Athletic Motor Skill Competencies
Athletic Motor Skill Competencies, or AMSCs for short, are a useful way to categorize and conceptualize all of the different athletic skills that most sport performance relies on. As you read the list below, think about your own training or coaching. How different would things be if all youths developed the AMSCs before reaching high school sports, or even college sports?
- Lower body unilateral: movements using one leg at a time, such as single-leg hopping and jumping, skipping, jumping rope, etc.
- Lower body bilateral: movements using two legs at a time, such as double-leg jumping, squatting, and hip hinges.
- Upper body pushing: bilaterally and/or unilaterally pushing an object with the hands in the horizontal and vertical direction, such as pushups and pressing overhead.
- Upper body pulling: bilaterally and/or unilaterally pulling an object with the hands in the horizontal and vertical direction, such as bodyweight rows, monkey bars, pull-ups, etc.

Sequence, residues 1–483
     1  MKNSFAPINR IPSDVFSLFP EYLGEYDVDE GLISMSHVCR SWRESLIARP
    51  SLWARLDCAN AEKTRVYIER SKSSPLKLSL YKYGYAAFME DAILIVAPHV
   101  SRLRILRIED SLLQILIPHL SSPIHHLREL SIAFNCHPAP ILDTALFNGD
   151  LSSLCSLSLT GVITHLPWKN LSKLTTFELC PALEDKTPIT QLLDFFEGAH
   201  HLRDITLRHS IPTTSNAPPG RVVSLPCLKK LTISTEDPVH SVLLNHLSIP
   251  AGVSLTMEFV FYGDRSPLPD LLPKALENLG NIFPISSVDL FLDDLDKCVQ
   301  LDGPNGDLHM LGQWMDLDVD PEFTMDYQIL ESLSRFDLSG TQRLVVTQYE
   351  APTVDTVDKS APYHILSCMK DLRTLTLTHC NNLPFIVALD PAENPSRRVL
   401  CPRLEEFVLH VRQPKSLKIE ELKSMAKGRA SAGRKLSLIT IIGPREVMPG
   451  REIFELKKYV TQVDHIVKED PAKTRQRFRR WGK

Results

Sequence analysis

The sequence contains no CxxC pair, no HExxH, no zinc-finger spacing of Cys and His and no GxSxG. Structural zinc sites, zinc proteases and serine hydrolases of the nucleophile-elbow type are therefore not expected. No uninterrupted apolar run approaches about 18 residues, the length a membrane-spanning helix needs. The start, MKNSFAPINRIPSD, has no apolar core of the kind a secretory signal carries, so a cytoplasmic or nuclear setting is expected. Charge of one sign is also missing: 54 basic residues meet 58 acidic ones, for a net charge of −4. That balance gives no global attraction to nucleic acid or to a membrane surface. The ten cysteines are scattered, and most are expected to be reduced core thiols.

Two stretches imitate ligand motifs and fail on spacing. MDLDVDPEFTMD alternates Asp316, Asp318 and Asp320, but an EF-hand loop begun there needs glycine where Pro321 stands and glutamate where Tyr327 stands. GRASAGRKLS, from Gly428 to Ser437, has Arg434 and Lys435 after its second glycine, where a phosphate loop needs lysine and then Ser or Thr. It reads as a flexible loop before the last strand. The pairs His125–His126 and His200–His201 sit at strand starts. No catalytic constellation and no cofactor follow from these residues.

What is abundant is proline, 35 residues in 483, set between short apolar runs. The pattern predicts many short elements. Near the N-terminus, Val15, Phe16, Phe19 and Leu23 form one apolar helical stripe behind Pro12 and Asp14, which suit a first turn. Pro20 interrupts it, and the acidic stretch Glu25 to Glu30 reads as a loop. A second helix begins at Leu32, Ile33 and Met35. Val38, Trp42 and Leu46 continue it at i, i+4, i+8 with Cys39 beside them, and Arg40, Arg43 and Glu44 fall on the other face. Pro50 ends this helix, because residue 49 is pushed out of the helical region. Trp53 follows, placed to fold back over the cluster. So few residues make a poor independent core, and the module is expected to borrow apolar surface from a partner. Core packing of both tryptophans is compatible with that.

- Antirotation and core bracing: stabilizing the torso, with and without movement at the extremities (ie. arms and legs).
- Jumping, landing, and rebounding mechanics: moving the body through space in a dynamic way. Begin with landing mechanics first, to teach how to land safely and effectively, and then progress to jumping and rebounding. Most youth jump training should be lower intensity (ie. height/distance of jump) and higher volume, focusing on exercises like skipping, bounding, and jumping rope before progressing to box jumps, depth jumps, tuck jumps, etc.
- Throwing, catching, and grasping: bilaterally and unilaterally manipulating another object in space with the hands, often requiring power development or stability in the legs, stability and transfer of power in the torso, and athletic sequencing and propulsive force in the arms and hands.